The four lessons I learned working for a military communications company

When I grew up, my family befriended another family in our neighborhood, as we had some things in common: both wives liked to play mah jongg and the husbands were both political conservatives. While I was much older, they had two boys who were close to my younger brother’s age.

The husband of the other family was the owner of a communications and power supply company that provided equipment to the US military. When he found out I was in ROTC in college, he asked if I wanted to work briefly for his company and help him out at a trade show at Fort Bragg in North Carolina.

Any interaction with active duty military was exciting to me, so I jumped at the opportunity. During my college years, I ended up attending two trade shows with the company owner and worked for him for a few weeks in his warehouse. Here are the lessons I learned and the interesting stories along the way.

It’s really important to learn who the decision makers are.

Just because someone is high-ranking doesn’t mean they make the decisions. They might sign off on a decision, but only because there’s a regulation that requires it. I learned from working trade shows that the decision makers in these army units were enlisted non-commissioned officers, generally at the staff sergeant and sergeant first class ranks. Anyone below those ranks didn’t have the authority and any officers placed the trust in their enlisted for what they needed in the field. And this lesson goes for the business and non-profit world, too. Spend some time learning who really makes the decisions and you might find that you can accomplish your goals faster and more easily.

You never know whom you’ll meet. The connections they provide could be incredible.

The first year I was working at the trade show, I met an air force senior NCO who was from the air base that was adjacent to the army base. Based on the badges on his uniform, I could quickly tell that he was a part of Air Force Special Operations Command. When I was explaining about the company’s products, he asked me about my background, and I had explained that I was in Air Force ROTC at Ohio State and had just completed freefall training at the Air Force Academy. He gave me his card and told me to contact him so he could introduce me to officers in his unit if I was interested in joining as a career. Air Force special operations is a very small group and I felt grateful for being invited in, although I decided to pursue pilot training instead.

It really is all about the mission.

At one of the trade shows, I struck up a conversation with someone tending the booth next to us. He was a retired US Army Ranger and had completed several hundred freefall jumps of his own. As I was telling him about my training, he said, “In combat missions, what they taught you doesn’t apply.” I pressed him to explain more.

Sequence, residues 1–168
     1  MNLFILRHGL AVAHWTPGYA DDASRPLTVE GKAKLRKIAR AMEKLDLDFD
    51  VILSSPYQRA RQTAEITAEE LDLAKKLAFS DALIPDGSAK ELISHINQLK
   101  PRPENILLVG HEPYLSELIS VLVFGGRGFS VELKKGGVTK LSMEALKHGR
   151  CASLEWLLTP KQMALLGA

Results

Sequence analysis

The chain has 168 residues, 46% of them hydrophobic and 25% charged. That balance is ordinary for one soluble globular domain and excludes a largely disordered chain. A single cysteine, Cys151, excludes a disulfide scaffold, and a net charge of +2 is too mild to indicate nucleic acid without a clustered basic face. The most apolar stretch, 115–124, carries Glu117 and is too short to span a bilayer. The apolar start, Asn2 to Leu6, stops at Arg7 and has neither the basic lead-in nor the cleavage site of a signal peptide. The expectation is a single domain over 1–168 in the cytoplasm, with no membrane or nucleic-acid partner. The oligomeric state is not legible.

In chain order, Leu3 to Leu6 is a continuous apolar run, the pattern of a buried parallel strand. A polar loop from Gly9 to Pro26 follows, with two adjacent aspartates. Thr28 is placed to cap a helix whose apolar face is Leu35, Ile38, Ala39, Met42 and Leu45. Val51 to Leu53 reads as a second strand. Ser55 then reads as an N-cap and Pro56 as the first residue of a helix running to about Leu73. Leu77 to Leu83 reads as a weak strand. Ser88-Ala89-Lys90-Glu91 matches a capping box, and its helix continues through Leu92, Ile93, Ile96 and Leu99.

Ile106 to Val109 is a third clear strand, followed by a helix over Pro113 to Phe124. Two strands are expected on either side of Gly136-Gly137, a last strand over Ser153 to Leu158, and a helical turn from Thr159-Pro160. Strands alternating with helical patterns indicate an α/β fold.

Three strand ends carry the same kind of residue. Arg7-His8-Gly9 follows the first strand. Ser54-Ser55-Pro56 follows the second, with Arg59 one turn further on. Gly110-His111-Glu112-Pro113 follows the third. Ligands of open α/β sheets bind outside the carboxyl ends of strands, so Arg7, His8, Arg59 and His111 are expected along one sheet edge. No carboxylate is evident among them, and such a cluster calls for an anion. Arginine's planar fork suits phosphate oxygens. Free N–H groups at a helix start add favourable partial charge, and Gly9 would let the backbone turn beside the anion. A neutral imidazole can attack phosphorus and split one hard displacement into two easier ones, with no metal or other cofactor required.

He said, “Listen, in the military, you have one job. Accomplish your mission. If you need to do something that is dangerous but you wouldn’t be able to get the mission done without it, you do it. It’s all about the mission.”

That type of laser focus really got me wondering about business, non-profits, and government agencies. How much of what they do really is all about the mission? If it’s not, how can they get back to it?

“Don’t work so hard, we all get paid the same.”

The summer that I worked in the company’s warehouse was…eyeopening.

It was a relatively small facility that had about 10 employees working on various pieces of equipment. And from what I remember, they all had something in common: they were all Russian immigrants who had grown up in the Soviet Union.

One day, as I was working on installing some metal racks into some Pelican waterproof cases, one of them looked at me and said:

“Don’t work so hard, we all get paid the same.”

What I was doing wasn’t that hard and it seemed like I could do it quickly, so I asked: “What do you mean?”

“You’re going to make us look bad. Remember that you don’t get paid more for finishing more projects.”

In that moment, it hit me. These guys had emigrated from the Soviet Union. Communism was beaten into them as well as the idea of conformity. And even worse, they were engineers with bachelor of science degrees from good universities in Russia. And now they were working in this warehouse, simply doing what they could to support their families and pay for their children’s college expenses.

Working with them made me realize that it is really important to consider the nuances of people’s backgrounds when working with them.

It seems like the Fort Bragg conference still goes on today, under the name TechNet Fort Bragg.

If you’re interested in more lessons I’ve learned, check out my book:

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